Ironically, while the national security establishment is unencumbered by the prevailing social conditions in the their own country, the authors of Providing for a Common Defense focus intently on the domestic conditions of China:

“[A]s part of a whole-of-society approach to innovation, China is currently making great strides in the race to dominate in key areas such as Fifth-Generation Long-Term Evolution (5G LTE) broadband wireless networks. That effort may yield great economic, geopolitical, and military benefits for Beijing — and equally great dangers for the United States.”[8]

Their solution to China’s development of an advanced broadband internet network is not a reciprocal investment in American critical infrastructure. Instead, they advise the exact opposite: that U.S. taxpayer dollars be redistributed into accounts for projecting military force.

“Congress and DOD must find new ways of enabling more rapid maturation, acquisition, and fielding of leap-ahead technologies… optimizing them for innovation and warfighting effectiveness.”

To the authors’ credit, they openly admit these investments in “the U.S. National Security Innovation Base” will probably be wasteful, yet they insist on the need of accepting “greater cost and risk in pursuit of speed and the game-changing technological breakthroughs necessary to sustain U.S. military advantages.”[9]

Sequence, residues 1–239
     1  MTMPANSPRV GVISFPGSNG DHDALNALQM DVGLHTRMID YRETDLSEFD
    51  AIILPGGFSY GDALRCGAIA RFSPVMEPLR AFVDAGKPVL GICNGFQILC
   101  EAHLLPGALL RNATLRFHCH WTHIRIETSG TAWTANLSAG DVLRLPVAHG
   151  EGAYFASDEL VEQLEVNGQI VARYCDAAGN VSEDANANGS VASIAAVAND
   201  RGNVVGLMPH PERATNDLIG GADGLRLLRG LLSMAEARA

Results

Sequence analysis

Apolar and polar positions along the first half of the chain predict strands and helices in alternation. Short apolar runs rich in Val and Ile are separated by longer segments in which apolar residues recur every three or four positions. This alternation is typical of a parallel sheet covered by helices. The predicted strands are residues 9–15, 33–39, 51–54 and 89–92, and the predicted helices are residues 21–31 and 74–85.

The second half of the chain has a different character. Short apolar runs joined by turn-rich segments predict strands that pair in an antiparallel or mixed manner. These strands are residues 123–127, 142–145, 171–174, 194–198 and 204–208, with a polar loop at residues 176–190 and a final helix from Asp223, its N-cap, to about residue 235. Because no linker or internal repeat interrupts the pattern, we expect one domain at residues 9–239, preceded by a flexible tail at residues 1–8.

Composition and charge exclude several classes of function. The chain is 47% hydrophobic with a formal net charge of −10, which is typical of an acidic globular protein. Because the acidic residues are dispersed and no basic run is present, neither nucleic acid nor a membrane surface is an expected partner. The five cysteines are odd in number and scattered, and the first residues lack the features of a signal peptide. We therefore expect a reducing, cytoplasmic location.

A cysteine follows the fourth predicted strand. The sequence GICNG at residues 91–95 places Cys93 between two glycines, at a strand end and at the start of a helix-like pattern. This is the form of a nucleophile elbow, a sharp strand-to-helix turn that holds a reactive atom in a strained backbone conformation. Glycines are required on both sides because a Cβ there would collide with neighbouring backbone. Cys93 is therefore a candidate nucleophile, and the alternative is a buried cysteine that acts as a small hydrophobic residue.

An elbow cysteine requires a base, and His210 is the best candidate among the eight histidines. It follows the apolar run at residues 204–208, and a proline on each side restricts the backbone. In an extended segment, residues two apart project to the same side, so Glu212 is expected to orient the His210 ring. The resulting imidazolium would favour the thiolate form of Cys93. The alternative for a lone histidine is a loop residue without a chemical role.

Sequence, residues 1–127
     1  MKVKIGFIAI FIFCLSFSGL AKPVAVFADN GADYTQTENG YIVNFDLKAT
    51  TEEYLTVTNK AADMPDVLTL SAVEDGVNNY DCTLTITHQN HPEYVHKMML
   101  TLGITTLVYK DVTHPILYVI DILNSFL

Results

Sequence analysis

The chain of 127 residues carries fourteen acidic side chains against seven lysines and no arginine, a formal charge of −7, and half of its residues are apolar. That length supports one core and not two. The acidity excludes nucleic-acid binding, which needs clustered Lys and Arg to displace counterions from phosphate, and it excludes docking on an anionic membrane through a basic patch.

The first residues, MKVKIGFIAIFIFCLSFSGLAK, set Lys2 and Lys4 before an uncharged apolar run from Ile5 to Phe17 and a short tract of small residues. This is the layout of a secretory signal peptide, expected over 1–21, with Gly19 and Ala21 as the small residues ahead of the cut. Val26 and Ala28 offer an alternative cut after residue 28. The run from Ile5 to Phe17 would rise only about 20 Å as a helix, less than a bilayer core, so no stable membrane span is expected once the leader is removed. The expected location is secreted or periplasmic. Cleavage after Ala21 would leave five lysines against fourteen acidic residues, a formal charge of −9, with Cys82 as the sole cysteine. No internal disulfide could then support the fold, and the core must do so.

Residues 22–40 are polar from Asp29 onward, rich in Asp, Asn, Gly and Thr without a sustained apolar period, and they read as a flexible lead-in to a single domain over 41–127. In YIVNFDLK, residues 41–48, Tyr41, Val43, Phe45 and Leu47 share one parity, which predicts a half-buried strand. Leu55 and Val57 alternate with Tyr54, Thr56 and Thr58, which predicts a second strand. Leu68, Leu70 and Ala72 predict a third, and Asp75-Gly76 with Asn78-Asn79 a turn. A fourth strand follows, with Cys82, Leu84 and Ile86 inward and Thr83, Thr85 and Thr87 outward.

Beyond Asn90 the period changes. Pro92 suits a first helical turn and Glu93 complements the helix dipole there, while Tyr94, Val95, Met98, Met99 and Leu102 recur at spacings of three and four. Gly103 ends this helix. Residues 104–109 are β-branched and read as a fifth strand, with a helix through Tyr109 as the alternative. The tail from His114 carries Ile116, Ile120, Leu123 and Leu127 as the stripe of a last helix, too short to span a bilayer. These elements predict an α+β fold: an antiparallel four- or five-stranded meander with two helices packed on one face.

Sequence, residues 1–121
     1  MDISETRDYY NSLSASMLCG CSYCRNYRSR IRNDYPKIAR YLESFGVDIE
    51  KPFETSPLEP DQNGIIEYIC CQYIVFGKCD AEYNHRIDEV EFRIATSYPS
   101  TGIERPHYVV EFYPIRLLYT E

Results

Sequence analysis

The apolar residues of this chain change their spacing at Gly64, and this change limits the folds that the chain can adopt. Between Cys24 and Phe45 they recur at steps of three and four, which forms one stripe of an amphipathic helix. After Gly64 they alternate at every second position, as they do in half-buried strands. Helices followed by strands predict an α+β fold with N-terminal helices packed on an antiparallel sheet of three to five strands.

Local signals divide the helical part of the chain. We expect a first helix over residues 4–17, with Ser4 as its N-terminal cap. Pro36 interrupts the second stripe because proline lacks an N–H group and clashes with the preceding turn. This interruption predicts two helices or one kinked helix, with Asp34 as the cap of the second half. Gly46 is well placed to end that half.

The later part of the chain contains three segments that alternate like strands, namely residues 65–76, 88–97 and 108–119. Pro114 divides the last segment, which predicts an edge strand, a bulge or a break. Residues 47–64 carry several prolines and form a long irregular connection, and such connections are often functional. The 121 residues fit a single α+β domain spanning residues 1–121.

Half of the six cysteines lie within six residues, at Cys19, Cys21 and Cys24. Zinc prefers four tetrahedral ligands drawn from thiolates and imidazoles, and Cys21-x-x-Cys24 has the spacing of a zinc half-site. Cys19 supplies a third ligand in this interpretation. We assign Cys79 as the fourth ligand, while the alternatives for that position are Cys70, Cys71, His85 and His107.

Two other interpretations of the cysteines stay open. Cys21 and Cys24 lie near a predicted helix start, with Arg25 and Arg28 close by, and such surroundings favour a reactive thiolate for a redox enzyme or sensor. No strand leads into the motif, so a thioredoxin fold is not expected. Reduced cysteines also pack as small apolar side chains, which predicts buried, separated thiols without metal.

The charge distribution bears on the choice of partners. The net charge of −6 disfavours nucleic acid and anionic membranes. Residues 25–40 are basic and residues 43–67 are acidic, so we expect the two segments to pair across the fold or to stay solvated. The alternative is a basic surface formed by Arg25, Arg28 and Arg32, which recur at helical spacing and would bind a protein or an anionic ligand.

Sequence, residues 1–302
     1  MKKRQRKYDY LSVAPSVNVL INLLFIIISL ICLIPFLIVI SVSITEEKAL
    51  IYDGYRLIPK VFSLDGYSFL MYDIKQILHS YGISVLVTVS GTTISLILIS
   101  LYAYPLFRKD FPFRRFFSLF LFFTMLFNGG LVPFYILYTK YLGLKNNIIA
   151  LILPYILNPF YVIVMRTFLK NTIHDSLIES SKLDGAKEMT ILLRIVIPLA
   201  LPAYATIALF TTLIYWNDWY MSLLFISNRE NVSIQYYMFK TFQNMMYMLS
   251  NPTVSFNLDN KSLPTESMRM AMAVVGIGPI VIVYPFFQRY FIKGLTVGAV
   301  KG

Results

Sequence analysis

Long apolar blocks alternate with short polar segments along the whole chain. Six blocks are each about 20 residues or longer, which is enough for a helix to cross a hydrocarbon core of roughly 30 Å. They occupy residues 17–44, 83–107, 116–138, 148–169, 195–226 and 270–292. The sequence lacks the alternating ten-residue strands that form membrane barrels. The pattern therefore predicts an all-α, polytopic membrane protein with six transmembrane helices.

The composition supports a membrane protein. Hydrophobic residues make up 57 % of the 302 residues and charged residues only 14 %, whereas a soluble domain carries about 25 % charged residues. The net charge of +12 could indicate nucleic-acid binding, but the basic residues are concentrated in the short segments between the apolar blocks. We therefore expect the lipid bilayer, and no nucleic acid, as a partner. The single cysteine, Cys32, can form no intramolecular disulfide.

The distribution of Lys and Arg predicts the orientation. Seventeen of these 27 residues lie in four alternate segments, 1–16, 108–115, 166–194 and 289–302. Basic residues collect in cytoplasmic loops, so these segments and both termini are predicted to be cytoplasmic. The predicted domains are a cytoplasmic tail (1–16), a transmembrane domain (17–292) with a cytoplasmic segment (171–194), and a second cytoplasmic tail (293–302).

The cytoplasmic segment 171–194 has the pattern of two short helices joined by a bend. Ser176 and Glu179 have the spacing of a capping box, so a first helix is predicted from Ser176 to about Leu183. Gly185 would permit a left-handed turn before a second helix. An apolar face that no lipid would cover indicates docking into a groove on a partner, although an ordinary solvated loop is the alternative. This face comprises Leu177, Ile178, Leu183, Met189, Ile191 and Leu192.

A more meaningful version of security would avoid the routine inflation of remote or imagined ‘national security’ threats. This deprogramming will take some time. Yet just as progressive grassroots movements have brought income inequality to the fore by challenging the interests of the economic elite, only by challenging the threat inflation of the national security establishment will it be possible to begin addressing the crises of real security — in real and present issues such as health and livelihoods.


[1] “Political Parties at War,” by Gustavo Flores-Macias and Sarah Kreps (2013) in American Political Science Review, Vol. 107, No. 4.

[2] “The Economic Value of Peace,” by Institute for Economics & Peace (2016), p. 6. <>

[3] For example: Jenkins, Nash.  Rhodan, Maya.  2017.  “The Republican Tax Bill Proves That Bipartisanship is Dead,” Time, 20 December.  <>; Badger, Emily.  2009.  “There is no common ground anymore,” Pacific Standard, 13 October.  <>)

[4] Providing for a Common Defense, 1

[5] Providing for a Common Defense, 3


[7] The report based this recommendation on an imagined future scenario. Potential increases in the military budgets of China or Russia could potentially lead to conditions threatening to the United States.  Why confronting the United States is assumed to be a priority for China and Russia is not explained. The rationale producing these actions is effectively ignored.

[8]  Providing for the Common Defense, viii.

 [9] Providing for the Common Defense, ix.